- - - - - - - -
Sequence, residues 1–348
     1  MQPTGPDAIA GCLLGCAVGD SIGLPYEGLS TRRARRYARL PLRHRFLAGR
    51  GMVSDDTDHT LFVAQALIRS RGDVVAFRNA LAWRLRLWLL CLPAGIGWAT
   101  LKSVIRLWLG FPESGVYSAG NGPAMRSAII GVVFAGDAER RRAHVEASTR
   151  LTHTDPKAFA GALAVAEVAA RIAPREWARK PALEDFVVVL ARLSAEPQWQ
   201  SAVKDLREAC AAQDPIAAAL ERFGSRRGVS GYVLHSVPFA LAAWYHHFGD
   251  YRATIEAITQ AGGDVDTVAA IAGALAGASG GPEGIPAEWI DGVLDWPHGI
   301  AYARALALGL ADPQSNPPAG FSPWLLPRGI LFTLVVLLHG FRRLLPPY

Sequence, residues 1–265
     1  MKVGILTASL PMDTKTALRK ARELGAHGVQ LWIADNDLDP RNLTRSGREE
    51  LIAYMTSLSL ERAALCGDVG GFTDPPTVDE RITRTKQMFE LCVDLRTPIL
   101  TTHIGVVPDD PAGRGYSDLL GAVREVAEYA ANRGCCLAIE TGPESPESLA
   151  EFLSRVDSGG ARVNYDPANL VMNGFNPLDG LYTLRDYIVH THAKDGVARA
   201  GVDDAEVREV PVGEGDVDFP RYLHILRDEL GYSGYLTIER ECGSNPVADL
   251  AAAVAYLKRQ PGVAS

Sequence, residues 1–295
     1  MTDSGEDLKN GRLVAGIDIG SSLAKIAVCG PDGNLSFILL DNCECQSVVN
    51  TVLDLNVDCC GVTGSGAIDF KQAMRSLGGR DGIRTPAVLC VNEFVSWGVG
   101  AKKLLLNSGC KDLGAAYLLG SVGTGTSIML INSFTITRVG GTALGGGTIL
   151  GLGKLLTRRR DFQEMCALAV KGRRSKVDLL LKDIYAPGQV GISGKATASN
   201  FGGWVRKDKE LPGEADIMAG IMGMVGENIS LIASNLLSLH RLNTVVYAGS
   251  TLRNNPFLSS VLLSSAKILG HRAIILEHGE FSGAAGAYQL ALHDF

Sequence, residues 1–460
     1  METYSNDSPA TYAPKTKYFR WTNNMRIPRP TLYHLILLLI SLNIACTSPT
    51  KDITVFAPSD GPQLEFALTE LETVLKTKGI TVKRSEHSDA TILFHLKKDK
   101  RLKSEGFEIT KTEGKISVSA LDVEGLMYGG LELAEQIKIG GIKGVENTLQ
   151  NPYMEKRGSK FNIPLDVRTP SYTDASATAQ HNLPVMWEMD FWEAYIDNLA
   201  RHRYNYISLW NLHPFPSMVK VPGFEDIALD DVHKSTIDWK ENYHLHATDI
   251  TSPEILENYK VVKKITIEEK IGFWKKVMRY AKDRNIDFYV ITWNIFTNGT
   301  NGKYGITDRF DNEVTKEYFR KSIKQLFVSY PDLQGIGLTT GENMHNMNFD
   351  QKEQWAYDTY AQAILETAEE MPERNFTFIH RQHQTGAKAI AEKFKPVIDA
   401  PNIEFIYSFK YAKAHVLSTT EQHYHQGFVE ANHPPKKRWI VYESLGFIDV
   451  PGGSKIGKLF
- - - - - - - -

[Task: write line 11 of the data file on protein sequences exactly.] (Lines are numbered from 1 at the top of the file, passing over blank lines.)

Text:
    51  LIAYMTSLSL ERAALCGDVG GFTDPPTVDE RITRTKQMFE LCVDLRTPIL